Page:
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Thread: Haul road caribou

  1. #1

    Default Haul road caribou

    Starting my planning now. Planning on a haul road rifle caribou hunt. Here's what I have thought out so far. Need help on gear list. And what else I need to think about to pull this off. Below is what my current thoughts on this hunt are. Please help direct my thinking to make this hunt possible.

    Leaving late aug/ early sept dates still tentative.

    Six mile hike to be sure I clear the corridor.

    Ten days vacation leaving Fairbanks starts day one.

    Need good Spair tire and extra fuel.

    Stop hunting day 7 or 8 to allow meat hauling. Approximately 1-2 days per bou

    2 resident hunters and one non resident hunter three people in total. (My brother will not be a resident which is why we chose the haul road)

    We're all poor so hiking is the only option no money for fly out.

    Might be willing to consider float hunt if option to float in and out is available but no money for flight

    Have a freighter pack for meet with out a geer pack and lots of military geer what should I use and what so I need to buy.

    Good tent needed planning on setting a base camp six miles off the road camping and hunting from there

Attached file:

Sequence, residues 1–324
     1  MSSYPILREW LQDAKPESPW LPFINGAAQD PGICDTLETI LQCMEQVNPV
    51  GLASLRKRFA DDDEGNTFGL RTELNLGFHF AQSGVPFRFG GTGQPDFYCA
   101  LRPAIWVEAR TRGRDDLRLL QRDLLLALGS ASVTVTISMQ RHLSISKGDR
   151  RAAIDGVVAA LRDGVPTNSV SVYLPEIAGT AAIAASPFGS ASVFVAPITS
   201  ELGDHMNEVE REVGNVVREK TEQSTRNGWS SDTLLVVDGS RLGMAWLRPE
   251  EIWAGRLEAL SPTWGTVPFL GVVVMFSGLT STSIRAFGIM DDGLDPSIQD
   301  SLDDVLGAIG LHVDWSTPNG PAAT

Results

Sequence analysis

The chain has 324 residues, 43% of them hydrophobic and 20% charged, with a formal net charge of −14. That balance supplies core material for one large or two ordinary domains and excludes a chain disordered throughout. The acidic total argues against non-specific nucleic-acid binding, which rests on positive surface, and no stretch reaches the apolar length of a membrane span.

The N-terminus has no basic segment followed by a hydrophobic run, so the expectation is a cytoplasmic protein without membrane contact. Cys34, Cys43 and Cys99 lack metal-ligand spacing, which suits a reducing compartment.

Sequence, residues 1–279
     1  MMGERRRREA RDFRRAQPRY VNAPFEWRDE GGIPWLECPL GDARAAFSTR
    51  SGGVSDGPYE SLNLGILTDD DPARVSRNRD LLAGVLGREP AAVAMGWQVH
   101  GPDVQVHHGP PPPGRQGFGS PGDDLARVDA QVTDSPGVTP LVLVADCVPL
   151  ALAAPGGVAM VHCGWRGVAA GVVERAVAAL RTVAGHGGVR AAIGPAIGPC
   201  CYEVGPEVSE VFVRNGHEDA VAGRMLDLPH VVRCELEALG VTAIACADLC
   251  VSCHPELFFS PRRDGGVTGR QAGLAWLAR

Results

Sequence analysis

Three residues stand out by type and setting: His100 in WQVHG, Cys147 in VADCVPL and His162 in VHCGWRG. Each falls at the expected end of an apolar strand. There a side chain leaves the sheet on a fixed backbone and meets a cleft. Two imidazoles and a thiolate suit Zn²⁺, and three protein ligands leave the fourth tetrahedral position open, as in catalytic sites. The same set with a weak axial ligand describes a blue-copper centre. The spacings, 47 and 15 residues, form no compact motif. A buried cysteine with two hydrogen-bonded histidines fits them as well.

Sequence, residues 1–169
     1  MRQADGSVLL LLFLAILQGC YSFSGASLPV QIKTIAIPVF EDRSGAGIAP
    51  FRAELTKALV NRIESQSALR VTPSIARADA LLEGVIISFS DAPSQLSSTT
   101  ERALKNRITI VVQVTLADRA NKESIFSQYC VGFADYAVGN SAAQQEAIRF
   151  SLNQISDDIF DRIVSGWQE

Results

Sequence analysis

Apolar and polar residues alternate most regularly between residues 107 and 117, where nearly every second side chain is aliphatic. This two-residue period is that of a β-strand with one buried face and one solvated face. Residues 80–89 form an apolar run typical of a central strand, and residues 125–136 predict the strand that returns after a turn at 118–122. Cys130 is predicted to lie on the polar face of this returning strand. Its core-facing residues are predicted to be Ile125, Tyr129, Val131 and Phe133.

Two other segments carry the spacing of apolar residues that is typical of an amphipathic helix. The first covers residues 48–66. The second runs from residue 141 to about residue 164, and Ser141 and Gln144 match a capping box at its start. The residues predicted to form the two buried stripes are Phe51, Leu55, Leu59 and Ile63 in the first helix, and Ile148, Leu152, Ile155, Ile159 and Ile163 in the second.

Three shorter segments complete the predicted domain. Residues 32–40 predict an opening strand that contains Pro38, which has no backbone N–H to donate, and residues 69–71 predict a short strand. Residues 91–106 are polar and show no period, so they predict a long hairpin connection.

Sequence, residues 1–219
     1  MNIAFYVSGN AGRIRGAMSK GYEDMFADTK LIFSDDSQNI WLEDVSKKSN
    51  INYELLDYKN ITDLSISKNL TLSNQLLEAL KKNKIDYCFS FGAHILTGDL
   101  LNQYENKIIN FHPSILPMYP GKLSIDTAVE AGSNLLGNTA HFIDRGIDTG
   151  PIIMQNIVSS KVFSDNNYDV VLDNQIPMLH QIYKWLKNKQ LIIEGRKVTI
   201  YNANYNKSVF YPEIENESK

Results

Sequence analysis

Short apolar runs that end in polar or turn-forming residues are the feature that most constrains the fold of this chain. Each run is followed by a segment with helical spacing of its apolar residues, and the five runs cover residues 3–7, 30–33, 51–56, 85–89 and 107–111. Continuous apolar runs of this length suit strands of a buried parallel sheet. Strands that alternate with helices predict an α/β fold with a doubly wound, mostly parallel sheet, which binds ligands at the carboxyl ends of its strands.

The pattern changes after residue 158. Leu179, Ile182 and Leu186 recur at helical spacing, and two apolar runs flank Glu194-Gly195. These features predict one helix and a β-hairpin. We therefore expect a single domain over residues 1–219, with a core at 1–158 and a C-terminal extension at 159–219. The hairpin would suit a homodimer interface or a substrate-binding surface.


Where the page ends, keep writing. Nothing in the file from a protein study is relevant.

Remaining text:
Not sure if where to start looking as in location how far up the road and so forth help needed there .

  2. #2
    Member kingman's Avatar
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    Default Haul road caribou

    I'm also planning a trip of for next year but I plan in taking my bow. One thing I read about in a past thread was setting up base camp 3 (maybe 4 in your case) miles in, so the meat trips back to the truck won't be quite as bad...

  3. #3
    Member jojomoose's Avatar
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    Have you thought of renting a pack raft...packing it in then floating out with you meat and you inside? That might be an option and limit your packing to the haul road. this way you do all your hiking early in the hunt and always know you can just float out....just in case....and exit plan.

    joe

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    Numerous people are going to caution you on the "death march" or hike across the tundra to get to past the 5 mile mark. It obviously can be done, but be prepared. Also, you will really want a GPS, because it's the only way to be positive you are beyond the five mile mark.

  5. #5
    Member MNViking's Avatar
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    Default Haul road caribou

    Hiking sucks. Pack like a sheep hunter and have fun.
    Finally, Brad Childress is GONE!

  6. #6
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    5 miles out across that tundra is pure hell but it certainly can be done. I personally would recommend you go in early October when walking is a little easier, no bugs, and you can pull your caribou out on a kids plastic sled. My other recommendation is to take at least two good spare tiresome and three is even better. Just in case.

  7. #7

    Default Haul road caribou

    What's your thoughts on completely deboning the meet prior to packing out ?

  8. #8
    Member MNViking's Avatar
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    Default Haul road caribou